Morales, who is in exile in Argentina, has been charged with terrorism and financing of terrorism, each punishable by up to 20 years in prison. Morales is also facing criminal investigation in other cases, though charges have not yet been filed in them.

The terrorism charges against Morales are based on a November 2019 phone call, made days after Morales left office, in which a person alleged to be Morales urged an associate to mobilize protesters to block roads into cities and prevent food from entering. The person says they must “fight, fight, fight,” and vows to “wage a hard battle against the dictatorship.”

Protesters in Bolivia often use the terms “fight” and “battle” to refer to their demonstrations. Blocking roads is also a common means of protest in Bolivia and other countries in the region. Both anti- and pro-Morales protesters blocked roads during the upheaval in October and November. After Morales resigned on November 10, his supporters intensified their protests, blocking main roads and causing fuel and food shortages that resulted in price spikes in some areas.

While most protests were peaceful, some anti- and pro-Morales demonstrators allegedly abducted people identified as supporting the other side, burned homes and other buildings, and committed other acts of violence, including the killing of two anti-Morales protesters in the town of Montero by alleged Morales supporters.

In the recorded conversation, which allegedly took place on November 14 – after these violent incidents – the speakers do not overtly discuss the use of violence or participation in any of the violent acts that had occurred.

Prosecutors allege that Morales ordered acts of violence, but the evidence Human Rights Watch reviewed – primarily consisting of the one phone call – simply does not support such allegations.

“The statements attributed to Morales raise serious concerns, and it is reasonable for prosecutors to investigate whether they constitute a crime under Bolivian law,” Vivanco said. “But using Bolivia’s overbroad terrorism law to seek a 20-year prison sentence against Morales is wholly disproportionate to the conduct reflected in the phone call and appears to be a political attack on Morales and his supporters.”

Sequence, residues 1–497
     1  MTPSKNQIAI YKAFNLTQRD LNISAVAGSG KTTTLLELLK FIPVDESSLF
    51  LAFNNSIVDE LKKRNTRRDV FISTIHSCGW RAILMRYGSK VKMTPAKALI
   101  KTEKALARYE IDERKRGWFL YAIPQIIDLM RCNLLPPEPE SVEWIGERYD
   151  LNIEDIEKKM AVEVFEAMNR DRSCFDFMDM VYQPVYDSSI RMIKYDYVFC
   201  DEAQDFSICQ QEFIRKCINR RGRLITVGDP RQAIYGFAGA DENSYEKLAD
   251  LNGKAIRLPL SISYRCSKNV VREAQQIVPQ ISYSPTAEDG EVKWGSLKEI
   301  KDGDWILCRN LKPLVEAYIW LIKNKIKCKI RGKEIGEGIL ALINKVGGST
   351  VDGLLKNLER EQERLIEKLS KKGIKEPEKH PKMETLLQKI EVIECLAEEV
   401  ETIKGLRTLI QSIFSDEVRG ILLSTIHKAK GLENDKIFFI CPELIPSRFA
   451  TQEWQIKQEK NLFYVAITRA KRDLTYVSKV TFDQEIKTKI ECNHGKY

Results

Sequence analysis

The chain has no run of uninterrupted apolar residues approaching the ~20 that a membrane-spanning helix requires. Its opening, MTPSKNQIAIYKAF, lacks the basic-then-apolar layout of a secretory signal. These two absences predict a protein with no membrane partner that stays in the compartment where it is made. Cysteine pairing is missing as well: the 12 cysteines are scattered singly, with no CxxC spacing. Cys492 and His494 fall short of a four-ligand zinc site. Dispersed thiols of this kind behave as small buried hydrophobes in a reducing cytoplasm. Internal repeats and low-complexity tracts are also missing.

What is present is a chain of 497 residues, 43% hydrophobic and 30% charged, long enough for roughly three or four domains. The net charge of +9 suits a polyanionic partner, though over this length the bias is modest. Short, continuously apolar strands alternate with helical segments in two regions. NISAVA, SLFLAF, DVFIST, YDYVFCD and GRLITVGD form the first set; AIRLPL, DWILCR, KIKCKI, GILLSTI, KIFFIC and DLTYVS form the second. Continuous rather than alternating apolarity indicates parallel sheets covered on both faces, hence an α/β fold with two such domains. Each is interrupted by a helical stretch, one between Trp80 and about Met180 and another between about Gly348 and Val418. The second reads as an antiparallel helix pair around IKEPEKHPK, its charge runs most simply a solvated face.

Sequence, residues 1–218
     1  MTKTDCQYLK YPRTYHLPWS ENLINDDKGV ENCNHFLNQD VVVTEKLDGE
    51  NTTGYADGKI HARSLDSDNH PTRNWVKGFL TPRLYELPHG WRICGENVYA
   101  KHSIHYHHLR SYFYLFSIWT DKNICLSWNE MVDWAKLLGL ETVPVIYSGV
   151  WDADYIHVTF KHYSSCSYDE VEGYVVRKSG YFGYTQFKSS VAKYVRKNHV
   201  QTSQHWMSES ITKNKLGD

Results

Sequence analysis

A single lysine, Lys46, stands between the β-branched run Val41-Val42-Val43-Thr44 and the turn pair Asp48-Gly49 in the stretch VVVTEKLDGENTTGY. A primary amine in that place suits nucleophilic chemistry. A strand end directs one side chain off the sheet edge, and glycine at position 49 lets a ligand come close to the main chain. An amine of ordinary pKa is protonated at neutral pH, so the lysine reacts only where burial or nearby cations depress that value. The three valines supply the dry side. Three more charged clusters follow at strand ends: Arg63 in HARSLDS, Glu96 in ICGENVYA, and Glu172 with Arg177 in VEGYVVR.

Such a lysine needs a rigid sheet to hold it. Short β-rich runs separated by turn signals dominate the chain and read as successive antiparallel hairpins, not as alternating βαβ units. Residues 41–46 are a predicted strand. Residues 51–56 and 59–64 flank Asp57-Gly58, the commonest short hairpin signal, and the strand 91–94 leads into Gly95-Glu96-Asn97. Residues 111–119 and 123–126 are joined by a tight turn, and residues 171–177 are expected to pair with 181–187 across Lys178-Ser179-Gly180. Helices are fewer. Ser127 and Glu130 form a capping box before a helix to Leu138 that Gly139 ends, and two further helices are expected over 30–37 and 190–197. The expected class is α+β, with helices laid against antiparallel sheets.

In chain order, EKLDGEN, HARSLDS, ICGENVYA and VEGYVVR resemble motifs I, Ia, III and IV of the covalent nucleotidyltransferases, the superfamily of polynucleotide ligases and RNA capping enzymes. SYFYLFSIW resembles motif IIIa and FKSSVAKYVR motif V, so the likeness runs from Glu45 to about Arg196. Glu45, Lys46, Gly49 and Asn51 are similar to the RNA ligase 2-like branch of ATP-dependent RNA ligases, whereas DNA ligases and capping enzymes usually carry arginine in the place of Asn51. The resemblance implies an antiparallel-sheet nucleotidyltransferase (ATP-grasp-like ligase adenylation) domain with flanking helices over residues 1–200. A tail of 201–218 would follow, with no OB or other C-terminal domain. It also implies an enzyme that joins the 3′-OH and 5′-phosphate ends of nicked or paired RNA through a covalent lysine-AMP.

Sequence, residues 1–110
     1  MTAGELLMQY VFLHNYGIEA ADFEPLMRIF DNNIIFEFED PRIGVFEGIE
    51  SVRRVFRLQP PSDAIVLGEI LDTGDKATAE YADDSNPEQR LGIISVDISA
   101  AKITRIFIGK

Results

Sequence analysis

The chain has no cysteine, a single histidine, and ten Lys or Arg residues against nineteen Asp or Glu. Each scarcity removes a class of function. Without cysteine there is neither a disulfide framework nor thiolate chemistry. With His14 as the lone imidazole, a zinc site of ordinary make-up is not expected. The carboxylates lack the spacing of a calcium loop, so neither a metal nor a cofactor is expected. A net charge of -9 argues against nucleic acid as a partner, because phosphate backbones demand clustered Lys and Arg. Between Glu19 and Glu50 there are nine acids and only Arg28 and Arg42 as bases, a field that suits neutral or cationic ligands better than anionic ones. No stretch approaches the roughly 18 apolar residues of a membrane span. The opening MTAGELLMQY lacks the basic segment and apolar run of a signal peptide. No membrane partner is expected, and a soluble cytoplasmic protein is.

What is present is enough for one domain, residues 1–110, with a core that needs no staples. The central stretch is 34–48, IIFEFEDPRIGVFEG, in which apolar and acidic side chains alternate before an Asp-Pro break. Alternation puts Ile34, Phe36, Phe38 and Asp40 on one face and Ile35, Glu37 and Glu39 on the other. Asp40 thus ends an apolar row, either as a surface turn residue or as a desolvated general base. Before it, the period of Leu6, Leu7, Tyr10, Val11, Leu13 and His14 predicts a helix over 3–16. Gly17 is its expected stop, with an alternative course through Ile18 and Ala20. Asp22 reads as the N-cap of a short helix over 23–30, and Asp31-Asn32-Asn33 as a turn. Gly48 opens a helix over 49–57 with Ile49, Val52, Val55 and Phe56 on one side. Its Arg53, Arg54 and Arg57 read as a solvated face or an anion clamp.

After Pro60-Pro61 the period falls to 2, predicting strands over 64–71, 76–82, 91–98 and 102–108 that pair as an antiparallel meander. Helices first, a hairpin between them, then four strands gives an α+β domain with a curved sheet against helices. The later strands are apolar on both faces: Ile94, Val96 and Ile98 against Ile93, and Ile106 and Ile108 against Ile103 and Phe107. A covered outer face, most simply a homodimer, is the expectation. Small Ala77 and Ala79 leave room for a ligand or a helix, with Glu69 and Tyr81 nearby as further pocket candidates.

Egypt: Gang Rape Witnesses Arrested, Smeared

Human Rights Watch - Friday, September 11, 2020
Click to expand Image Women chant slogans as they gather to protest sexual harassment in front of the opera house in Cairo on June 14, 2014.  © 2014 Reuters / Asmaa Waguih

(Beirut) – Egyptian security agencies in late August 2020 arbitrarily arrested a man and three women who were witnesses to a high-profile gang rape case from 2014 that recently came to light, Human Rights Watch said today. Security also arrested two of the witnesses’ acquaintances.

The prosecutor general ordered the release of three of the six on August 31 but is pressing charges against all of them for violating laws on “morality” and “debauchery” that are vague, discriminatory, and open to abuse. Pro-government media have subjected them to a coordinated smear campaign, and one of the women has described being abused in detention.

“It is horrifying that Egyptian authorities have arrested the witnesses to a gang rape after encouraging them to come forward instead of protecting them and prosecuting the attackers,” said Rothna Begum, senior women’s rights researcher at Human Rights Watch. “The case against the witnesses and the smear campaign against them and the rape survivor send a chilling message to survivors of sexual violence and witnesses that they can go to prison if they report sexual violence.”

The authorities should immediately drop the charges against the six, offer protection to those who have come forward as witnesses, and prosecute those who are found to have committed the gang rape, Human Rights Watch said.

The case involves a woman who said that several men drugged her, took turns raping her, wrote their initials on her back, and recorded a video of their actions in Cairo’s Fairmont Nile City Hotel in April 2014. The attackers shared the video among their friends, said women’s rights activists, who first raised the case on social media in July 2020. After activists campaigned for weeks, the Office of the Prosecutor General said on August 24 that it had ordered the arrest of a number of suspects, seven of whom the office later said had fled the country. Two more were later arrested.

The authorities had encouraged witnesses of the rape to come forward, which they did in early August. They now stand accused of consensual same-sex sexual conduct, “inciting debauchery,” personal drug use, and “misuse of social media,” a charge frequently used against peaceful government critics.